advance against future payments.
F. Atari would have to commit to a minimum purchase of 2
million hardware units (some mixture of assembled and
tested pc boards and CPU/PPU chip sets) over the term
of the contract.
G. The term of the contract would be 4 years with a 4
year option to renew.
H. Nintendo would receive an additional $3.5 Mil in a
line of credit as an advance upon future payments upon
delivery of the 1st production-ready prototype of the
PAL West Germany version of the FCS (no later than
1/1/84). Similarly, an additional advance of $1.5 Mil
I. The 2 million unit commitment would be broken-up into
1 million NTSC, 700,000 PAL, and 300,000 SECAM. If
Atari goes over in one catagory, it would directly
reduce our requirement in any other catagory of our
choice. As Skip Paul likes to put it, "cross-
collateralization is the key!"
J. Nintendo would commit to produce 100,000 units of the
assembled and tested pc board by August 31st if the
new pc design (to include FCC and to fit whatever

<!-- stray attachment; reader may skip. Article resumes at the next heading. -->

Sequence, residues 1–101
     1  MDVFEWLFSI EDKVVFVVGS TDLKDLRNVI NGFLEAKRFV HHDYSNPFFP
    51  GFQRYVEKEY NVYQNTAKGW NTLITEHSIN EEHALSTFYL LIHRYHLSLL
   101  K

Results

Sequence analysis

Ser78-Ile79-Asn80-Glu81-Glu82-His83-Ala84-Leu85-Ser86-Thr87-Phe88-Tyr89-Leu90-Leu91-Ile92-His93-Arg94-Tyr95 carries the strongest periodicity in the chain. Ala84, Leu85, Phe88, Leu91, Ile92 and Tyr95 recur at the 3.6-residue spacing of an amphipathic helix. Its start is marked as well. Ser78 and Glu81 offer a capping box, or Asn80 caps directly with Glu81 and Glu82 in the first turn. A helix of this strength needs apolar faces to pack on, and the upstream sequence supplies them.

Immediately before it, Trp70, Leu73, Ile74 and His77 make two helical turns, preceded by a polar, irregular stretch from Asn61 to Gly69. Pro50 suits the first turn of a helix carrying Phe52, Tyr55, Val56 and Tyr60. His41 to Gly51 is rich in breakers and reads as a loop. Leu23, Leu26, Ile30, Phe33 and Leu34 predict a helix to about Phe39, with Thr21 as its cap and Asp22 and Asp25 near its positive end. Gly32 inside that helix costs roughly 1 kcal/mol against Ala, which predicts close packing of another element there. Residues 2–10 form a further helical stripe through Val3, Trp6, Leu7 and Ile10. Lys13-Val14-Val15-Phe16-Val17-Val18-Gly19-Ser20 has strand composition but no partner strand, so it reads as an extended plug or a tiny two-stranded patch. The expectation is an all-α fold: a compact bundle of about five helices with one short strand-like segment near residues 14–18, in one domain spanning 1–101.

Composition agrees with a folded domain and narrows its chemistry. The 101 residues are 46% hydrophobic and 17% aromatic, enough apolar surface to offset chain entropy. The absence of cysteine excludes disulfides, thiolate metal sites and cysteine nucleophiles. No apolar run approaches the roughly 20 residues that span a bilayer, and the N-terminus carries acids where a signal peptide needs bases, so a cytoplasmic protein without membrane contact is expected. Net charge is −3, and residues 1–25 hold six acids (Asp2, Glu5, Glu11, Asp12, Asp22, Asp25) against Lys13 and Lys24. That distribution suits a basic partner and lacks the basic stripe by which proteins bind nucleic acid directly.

plastic we choose) can be completed by Nintendo
and approved by Atari by July 20th. In essence,
unlimited quanities (in excess of 1 million/month)
thereafter .... upon 3 months notice from Atari.
K. Atari will have the right to program for this system
with the full assistance of Nintendo.
L. Nintendo will, in the interests of expediency for this
Christmas season, program 4 Atari titles of our
choice. Source and object code which meets our
satisfaction (with respect to basic design, tuning,
and bug-free) to be delivered to us no later than
Sept. 1, 1983. The fee would be $100,000./title or
no non-recurring engineering fees would be charged as
long as we buy a minimum of 100,000 carts.
M. Carts would cost us 1,500 Yen/cart if in plastic but
unlabeled or 1,350 Yen if not in plastic (F.O.B.
Japan). Rate of production would be max. 5,000